But there are also big drawbacks to getting tough on adversaries.
Beijing-backed hackers, for example, are by far the biggest stealer of U.S. companies’ intellectual property and trade secrets — leading to a slew of indictments since 2014. But U.S. officials have stopped short of the most damaging economic retaliation out of concerns about disrupting Chinese trade relations, which greatly benefit U.S. companies and consumers.
McCaul warned during our discussion that it would be exceptionally difficult to impose sanctions on China.
.@RepMcCaul tells @Joseph_Marks_: “It’s a lot easier to sanction Russia than it is China… We’re not intertwined with their economy the way we are with China, and we are so dependent on supply chains coming out of China.” #PostLive pic.twitter.com/hALWuxaQbP— Washington Post Live (@PostLive) May 18, 2022
U.S. adversaries have also become proficient at tailoring their cyber operations at a level just beneath one that would prompt serious U.S. retaliation.
Even Russian President Vladimir Putin, who flouted global norms by invading Ukraine, has generally kept Russian cyber operations against the United States within bounds that will not escalate to a conventional military conflict.
Such fear of escalation is likely one reason the Kremlin has not launched a serious cyberattack against the United States or one of its NATO allies since the Ukraine invasion — a move that might trigger NATO’s Article 5 commitment to mutual defense.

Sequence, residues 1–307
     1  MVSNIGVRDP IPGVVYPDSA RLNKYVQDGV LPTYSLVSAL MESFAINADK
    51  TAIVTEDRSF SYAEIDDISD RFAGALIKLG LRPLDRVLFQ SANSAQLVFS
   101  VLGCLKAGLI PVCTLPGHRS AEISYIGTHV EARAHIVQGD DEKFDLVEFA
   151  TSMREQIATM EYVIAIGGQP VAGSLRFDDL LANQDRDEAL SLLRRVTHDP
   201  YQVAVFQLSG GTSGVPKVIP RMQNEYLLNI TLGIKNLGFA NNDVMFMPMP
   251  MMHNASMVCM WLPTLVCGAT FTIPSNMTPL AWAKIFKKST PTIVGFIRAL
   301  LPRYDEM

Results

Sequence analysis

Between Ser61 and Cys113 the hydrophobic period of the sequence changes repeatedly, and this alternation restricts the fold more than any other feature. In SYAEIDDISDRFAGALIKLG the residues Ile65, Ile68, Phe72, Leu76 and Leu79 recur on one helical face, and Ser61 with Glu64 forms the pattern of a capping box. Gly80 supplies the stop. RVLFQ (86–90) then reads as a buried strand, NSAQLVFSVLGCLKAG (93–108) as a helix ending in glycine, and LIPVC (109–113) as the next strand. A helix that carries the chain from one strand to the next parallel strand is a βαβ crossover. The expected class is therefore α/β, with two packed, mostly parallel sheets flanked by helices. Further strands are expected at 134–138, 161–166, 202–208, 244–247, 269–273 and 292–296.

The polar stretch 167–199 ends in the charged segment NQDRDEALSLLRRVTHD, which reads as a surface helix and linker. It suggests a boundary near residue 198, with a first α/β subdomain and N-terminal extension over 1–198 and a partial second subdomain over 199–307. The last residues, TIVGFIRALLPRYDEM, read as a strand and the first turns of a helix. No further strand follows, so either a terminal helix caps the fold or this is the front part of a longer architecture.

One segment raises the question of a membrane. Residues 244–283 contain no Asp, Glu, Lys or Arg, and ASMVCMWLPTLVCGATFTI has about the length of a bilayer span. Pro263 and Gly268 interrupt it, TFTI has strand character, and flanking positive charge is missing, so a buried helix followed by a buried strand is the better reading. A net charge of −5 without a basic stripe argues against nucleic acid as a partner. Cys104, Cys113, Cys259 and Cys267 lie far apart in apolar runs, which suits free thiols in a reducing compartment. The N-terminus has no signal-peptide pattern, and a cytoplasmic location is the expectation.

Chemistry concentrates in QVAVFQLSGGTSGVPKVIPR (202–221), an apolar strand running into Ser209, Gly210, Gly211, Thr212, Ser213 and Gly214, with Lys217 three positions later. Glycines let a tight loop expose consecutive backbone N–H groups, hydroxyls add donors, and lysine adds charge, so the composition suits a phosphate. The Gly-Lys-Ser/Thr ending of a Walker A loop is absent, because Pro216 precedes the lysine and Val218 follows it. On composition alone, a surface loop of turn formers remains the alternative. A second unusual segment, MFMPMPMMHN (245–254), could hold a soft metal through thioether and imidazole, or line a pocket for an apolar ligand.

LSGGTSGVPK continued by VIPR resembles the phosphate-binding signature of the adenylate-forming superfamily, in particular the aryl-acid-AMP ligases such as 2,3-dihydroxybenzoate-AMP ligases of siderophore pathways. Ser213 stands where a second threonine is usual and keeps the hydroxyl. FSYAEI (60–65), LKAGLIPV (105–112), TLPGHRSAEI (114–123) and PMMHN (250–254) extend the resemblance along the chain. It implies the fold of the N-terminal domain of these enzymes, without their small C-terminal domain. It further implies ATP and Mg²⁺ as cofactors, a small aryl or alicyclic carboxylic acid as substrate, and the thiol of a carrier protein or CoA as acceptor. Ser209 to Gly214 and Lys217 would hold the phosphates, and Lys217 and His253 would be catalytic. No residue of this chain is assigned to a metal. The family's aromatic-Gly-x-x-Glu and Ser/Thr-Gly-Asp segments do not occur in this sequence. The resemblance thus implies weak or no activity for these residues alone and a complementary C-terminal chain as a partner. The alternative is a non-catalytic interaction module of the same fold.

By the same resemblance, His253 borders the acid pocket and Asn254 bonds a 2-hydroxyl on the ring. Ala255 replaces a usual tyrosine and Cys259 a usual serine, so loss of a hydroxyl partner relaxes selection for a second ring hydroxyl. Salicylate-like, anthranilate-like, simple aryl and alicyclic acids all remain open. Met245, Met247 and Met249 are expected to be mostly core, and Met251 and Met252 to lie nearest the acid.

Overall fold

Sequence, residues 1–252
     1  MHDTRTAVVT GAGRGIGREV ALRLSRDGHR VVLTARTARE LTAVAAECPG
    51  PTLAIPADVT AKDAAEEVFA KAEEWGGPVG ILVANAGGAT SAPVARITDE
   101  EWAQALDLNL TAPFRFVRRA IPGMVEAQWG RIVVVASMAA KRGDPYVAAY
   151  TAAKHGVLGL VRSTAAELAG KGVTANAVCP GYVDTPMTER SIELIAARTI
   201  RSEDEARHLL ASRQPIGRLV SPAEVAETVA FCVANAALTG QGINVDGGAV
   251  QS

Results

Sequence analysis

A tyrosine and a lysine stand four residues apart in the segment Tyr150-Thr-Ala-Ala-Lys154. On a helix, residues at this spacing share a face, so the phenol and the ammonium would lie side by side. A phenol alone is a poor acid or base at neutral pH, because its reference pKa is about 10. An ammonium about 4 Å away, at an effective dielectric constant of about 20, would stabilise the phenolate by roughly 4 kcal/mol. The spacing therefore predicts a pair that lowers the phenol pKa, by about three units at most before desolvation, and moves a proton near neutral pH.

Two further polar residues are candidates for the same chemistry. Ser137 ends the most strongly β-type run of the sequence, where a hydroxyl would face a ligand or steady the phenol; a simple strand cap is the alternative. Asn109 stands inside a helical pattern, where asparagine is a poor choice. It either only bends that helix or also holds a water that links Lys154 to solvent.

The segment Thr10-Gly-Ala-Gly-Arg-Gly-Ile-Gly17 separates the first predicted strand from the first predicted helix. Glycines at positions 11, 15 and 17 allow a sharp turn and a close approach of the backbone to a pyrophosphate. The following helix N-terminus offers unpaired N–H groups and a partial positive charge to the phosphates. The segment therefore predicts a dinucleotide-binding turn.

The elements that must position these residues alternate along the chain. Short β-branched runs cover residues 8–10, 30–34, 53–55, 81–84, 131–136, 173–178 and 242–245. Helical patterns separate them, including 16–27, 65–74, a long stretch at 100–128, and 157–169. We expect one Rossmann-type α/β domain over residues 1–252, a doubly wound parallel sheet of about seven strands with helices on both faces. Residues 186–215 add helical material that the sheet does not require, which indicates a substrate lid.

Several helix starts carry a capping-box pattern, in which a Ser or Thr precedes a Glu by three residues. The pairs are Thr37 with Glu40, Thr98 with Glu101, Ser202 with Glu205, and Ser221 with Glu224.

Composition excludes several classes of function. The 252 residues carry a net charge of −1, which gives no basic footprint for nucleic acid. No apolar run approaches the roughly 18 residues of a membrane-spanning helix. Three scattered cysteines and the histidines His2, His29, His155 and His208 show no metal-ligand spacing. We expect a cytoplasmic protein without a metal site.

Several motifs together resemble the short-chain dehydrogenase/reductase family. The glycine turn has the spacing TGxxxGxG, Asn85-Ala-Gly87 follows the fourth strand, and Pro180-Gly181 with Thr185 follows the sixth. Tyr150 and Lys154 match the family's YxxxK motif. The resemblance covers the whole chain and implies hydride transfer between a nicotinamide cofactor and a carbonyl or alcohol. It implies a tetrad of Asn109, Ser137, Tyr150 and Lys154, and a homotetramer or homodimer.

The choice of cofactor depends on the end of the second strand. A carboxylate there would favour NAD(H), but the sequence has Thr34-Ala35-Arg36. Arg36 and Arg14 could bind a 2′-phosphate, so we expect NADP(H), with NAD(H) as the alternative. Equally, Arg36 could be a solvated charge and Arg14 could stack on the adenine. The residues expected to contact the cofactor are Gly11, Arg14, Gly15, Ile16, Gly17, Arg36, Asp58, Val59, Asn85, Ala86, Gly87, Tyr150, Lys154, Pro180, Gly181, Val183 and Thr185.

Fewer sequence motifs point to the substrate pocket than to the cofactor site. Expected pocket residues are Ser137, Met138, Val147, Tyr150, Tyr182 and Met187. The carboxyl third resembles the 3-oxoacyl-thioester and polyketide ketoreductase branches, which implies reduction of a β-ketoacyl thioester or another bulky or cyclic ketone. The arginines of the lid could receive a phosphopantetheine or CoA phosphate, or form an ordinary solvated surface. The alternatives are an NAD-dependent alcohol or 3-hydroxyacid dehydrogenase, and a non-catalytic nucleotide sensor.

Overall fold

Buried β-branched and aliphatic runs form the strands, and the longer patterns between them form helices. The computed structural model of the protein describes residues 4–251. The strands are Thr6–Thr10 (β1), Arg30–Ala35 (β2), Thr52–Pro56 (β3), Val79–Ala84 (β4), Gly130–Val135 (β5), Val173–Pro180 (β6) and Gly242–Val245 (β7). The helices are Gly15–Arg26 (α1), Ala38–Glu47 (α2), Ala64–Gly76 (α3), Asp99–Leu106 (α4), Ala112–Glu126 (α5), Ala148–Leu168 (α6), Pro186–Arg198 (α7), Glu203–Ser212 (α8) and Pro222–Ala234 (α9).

“They don't want to further globalize the conflict and potentially risk us getting it in a more serious way. But the [cyber] capability is there. It’s not for want of capability,” Slotkin said.
More from Slotkin:
.@RepSlotkin says, “We have zero deterrence in the cybersecurity fight… We need to be treating it as a five alarm homeland security issue… At some point, we’re going to have our cyber 9/11 and it's going to wake everyone up.” #PostLive pic.twitter.com/QEb2i64fx9— Washington Post Live (@PostLive) May 18, 2022
DHS is ‘pausing’ its Disinformation Governance Board amid conservative criticism
Disinformation expert Nina Jankowicz, who was named as the Disinformation Governance Board’s executive director, has resigned and the board could be shut down pending the Homeland Security Advisory Council’s review, Taylor Lorenz reports. The dramatic implosion of the board came just three weeks after DHS announced its creation.
“The board itself and DHS received criticism for both its somewhat ominous name and scant details of specific mission … but Jankowicz was on the receiving end of the harshest attacks, with her role mischaracterized as she became a primary target on the right-wing Internet,” Taylor writes.
- DHS previously said the board would coordinate countering disinformation spread by human smugglers to attempted migrants and Russian disinformation threatening critical organizations.